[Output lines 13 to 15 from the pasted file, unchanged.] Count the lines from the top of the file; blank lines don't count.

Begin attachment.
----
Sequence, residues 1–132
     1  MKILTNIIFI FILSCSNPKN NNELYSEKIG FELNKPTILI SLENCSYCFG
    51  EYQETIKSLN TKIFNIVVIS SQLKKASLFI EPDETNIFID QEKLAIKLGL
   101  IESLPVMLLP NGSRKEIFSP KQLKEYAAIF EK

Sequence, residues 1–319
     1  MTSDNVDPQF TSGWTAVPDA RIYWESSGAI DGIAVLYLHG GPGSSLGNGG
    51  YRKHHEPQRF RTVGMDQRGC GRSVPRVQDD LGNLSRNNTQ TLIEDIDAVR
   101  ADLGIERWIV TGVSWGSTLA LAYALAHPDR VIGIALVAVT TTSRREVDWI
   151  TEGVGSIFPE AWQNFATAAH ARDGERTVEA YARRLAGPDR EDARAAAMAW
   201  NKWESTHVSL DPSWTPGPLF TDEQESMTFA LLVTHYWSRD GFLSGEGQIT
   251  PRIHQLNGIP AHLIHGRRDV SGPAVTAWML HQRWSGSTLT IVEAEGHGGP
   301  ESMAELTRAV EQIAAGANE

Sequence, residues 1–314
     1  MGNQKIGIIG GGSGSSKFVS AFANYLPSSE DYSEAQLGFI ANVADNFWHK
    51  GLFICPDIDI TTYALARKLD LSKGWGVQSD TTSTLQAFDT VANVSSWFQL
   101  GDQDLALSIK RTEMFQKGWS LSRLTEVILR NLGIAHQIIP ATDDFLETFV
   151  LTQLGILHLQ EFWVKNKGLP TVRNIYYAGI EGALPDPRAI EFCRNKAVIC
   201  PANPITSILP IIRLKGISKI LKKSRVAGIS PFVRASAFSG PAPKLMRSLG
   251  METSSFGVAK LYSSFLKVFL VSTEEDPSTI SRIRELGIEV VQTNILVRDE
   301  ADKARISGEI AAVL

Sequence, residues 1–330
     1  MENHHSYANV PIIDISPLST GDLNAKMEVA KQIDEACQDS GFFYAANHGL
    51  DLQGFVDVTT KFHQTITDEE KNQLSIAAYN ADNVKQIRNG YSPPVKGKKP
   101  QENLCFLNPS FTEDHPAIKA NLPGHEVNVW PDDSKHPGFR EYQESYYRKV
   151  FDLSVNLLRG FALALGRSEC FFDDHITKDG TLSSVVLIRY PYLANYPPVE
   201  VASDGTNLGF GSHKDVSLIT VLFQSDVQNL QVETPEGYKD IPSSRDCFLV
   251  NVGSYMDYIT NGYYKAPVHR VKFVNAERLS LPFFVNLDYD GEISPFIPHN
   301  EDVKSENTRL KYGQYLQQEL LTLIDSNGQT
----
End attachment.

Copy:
Sequence, residues 1–314
     1  MGNQKIGIIG GGSGSSKFVS AFANYLPSSE DYSEAQLGFI ANVADNFWHK
    51  GLFICPDIDI TTYALARKLD LSKGWGVQSD TTSTLQAFDT VANVSSWFQL